“Cities are concentrations of buildings, streets, transportation systems, and physical infrastructure, but it is people who are at the center of urban discourse and it is people who, through participation and interaction, continue to make cities vibrant centers for the generation of ideas that shape our world,” said Nicanor. “It is this sense of participation that continues to empower urban progress one idea at a time. Participatory City documents the BMW Guggenheim Lab’s journey to identify some of the most urgent challenges for cities today and the ideas that could help improve them.”
The exhibition also features prototypes of the Water Bench, a project developed during the Mumbai Lab by architect Neville Mars of MARS Architects. Created to address water scarcity and the need for leisure space in Mumbai, the Water Bench collects rainfall for re-use in irrigation and provides public seating. A prototype of the Water Bench is planned for First Park in New York, the original site of the Lab, and six more currently are installed throughout Mumbai.
[ public programs ]
Throughout the run of Participatory City, a series of public programs focusing on a selection of the 100 Urban Trends expand on the issues and projects explored by the BMW Guggenheim Lab.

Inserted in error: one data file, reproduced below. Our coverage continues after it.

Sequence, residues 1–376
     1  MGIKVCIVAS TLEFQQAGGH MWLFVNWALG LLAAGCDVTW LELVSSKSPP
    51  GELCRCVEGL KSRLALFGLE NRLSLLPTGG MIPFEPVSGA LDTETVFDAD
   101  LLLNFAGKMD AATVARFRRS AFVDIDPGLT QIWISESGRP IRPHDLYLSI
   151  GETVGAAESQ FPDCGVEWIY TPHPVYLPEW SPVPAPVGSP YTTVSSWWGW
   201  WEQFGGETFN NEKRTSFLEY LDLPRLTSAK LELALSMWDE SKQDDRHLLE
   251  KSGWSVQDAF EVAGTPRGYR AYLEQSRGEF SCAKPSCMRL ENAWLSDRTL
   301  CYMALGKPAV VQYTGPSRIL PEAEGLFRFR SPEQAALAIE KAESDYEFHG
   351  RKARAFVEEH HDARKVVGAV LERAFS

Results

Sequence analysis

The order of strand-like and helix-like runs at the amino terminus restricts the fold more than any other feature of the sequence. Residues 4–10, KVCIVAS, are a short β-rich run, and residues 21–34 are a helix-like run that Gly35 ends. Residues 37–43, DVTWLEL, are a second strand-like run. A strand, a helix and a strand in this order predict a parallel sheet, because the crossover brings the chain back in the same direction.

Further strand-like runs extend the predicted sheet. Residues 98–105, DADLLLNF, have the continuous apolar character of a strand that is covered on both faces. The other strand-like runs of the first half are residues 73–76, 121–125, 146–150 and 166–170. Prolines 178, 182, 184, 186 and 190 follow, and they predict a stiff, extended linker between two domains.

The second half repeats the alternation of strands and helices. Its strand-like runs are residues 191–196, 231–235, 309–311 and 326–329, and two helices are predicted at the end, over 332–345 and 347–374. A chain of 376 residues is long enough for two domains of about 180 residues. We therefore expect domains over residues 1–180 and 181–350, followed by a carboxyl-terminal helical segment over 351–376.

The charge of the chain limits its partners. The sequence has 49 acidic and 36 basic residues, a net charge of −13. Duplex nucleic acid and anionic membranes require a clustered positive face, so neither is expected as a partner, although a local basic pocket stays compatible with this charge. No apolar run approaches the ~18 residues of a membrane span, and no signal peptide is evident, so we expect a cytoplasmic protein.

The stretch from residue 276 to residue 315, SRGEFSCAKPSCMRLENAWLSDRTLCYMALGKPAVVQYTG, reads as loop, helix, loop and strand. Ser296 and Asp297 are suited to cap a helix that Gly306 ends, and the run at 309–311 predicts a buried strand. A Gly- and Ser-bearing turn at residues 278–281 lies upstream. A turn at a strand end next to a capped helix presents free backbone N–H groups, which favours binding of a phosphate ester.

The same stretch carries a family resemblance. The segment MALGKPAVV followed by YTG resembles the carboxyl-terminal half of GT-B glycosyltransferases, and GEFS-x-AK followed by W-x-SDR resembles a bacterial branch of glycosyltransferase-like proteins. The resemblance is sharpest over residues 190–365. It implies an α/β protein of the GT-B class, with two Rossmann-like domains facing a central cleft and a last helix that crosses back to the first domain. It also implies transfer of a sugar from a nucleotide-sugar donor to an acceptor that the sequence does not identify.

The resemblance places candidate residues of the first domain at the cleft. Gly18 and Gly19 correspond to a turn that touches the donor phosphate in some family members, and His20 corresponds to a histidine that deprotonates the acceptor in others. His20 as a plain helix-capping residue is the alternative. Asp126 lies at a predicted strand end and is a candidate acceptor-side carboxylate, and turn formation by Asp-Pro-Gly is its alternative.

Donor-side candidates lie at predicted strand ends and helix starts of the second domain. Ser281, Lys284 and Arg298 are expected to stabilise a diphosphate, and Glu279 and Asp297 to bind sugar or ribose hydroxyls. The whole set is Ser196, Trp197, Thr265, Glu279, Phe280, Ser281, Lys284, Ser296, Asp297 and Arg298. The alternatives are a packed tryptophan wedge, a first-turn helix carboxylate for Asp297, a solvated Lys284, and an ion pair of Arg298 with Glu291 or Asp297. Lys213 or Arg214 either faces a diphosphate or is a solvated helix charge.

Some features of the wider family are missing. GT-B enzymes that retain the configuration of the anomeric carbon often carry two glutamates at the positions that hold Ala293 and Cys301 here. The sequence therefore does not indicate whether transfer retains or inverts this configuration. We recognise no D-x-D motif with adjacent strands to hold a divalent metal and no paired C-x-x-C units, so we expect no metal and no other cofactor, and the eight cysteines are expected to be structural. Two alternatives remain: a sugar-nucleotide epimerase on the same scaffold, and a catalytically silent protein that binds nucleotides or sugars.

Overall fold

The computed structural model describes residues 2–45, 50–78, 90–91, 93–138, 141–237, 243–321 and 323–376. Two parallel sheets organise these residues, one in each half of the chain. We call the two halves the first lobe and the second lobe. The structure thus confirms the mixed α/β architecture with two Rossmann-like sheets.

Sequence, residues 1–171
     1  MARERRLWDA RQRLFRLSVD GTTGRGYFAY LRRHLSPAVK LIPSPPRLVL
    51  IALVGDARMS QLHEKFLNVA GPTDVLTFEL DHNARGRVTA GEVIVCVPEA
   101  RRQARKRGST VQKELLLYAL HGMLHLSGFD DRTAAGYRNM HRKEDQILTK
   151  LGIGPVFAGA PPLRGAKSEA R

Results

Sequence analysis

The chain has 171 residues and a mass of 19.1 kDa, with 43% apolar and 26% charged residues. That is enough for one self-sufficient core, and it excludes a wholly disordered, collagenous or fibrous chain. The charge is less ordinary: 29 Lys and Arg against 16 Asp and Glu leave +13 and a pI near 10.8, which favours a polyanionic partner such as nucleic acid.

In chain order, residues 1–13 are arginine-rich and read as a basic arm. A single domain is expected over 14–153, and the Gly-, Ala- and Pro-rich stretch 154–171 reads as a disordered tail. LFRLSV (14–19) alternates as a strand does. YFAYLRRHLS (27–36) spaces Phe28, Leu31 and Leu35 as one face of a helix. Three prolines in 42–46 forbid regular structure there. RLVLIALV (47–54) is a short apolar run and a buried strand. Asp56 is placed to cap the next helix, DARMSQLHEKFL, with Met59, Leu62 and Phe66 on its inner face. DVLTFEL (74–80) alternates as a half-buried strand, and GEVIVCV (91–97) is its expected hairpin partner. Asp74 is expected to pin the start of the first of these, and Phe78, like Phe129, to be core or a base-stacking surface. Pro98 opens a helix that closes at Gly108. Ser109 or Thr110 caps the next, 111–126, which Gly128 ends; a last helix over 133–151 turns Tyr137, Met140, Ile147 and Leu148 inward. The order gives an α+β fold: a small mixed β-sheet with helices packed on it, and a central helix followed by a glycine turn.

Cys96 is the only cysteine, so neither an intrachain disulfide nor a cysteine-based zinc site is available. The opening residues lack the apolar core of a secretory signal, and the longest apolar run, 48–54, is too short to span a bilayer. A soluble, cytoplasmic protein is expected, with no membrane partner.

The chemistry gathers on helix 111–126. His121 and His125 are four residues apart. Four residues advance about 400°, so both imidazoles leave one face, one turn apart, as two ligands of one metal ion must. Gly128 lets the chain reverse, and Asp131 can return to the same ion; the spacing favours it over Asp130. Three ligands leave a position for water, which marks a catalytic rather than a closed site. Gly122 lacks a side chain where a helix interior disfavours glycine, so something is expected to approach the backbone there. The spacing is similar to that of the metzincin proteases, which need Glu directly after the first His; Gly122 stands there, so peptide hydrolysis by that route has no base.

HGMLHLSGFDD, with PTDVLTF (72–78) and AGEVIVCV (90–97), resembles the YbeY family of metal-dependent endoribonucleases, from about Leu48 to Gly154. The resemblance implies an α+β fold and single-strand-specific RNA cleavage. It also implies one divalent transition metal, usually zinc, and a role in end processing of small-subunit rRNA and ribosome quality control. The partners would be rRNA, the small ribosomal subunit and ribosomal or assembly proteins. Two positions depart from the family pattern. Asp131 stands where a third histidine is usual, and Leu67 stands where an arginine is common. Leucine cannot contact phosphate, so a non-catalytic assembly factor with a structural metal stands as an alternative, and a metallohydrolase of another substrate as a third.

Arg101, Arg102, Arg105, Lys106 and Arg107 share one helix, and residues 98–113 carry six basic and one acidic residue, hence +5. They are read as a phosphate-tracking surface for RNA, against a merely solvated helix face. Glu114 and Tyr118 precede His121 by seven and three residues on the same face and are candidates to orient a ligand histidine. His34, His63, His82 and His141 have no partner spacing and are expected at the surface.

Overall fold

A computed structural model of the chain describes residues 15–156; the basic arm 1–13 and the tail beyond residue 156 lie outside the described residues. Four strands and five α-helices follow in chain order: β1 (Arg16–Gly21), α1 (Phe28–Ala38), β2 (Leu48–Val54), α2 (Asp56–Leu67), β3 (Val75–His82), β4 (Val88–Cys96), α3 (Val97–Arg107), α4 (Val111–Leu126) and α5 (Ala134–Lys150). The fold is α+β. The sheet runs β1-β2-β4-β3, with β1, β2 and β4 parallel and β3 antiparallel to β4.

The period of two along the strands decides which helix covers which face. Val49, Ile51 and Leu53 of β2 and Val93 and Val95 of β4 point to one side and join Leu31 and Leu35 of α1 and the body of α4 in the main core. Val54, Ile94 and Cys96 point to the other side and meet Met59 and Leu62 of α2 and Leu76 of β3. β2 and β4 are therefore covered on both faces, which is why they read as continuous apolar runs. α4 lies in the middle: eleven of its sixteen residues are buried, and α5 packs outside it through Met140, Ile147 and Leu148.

Fri, Oct 11, 6:30 pm / Urban Data: Michael Flowers and Mayor Bloomberg’s Office of Policy and Strategic Planning
Michael Flowers, Director of Analytics for Mayor Michael Bloomberg’s Office of Policy and Strategic Planning, talks about the role of urban data in New York, and how untapped information and data sets can be harnessed to improve the way the city runs.
Sat, Nov 2, 8:30 pm / Happy City: Charles Montgomery
Charles Montgomery, former Lab Team member and author of Happy City: Transforming Our Lives Through Urban Design, (Farrar, Straus and Giroux, 2013), launches his book and presents fun experiments in trust and play, looking into the striking relationship between the design of our minds and the design of our cities.
Sun, Dec 1, 6:30 pm / Rainwater Harvesting: Neville Mars
Neville Mars, architect, founder of Dynamic City Foundation, and former Lab Team member, discusses his interest in design solutions that conserve water and how it led to the creation of the Water Bench, an urban bench that collects rainwater for re-use.
Fridays, Oct 11-Jan 3 (except Nov 29), 3 pm / Film Series: Cinematic Sites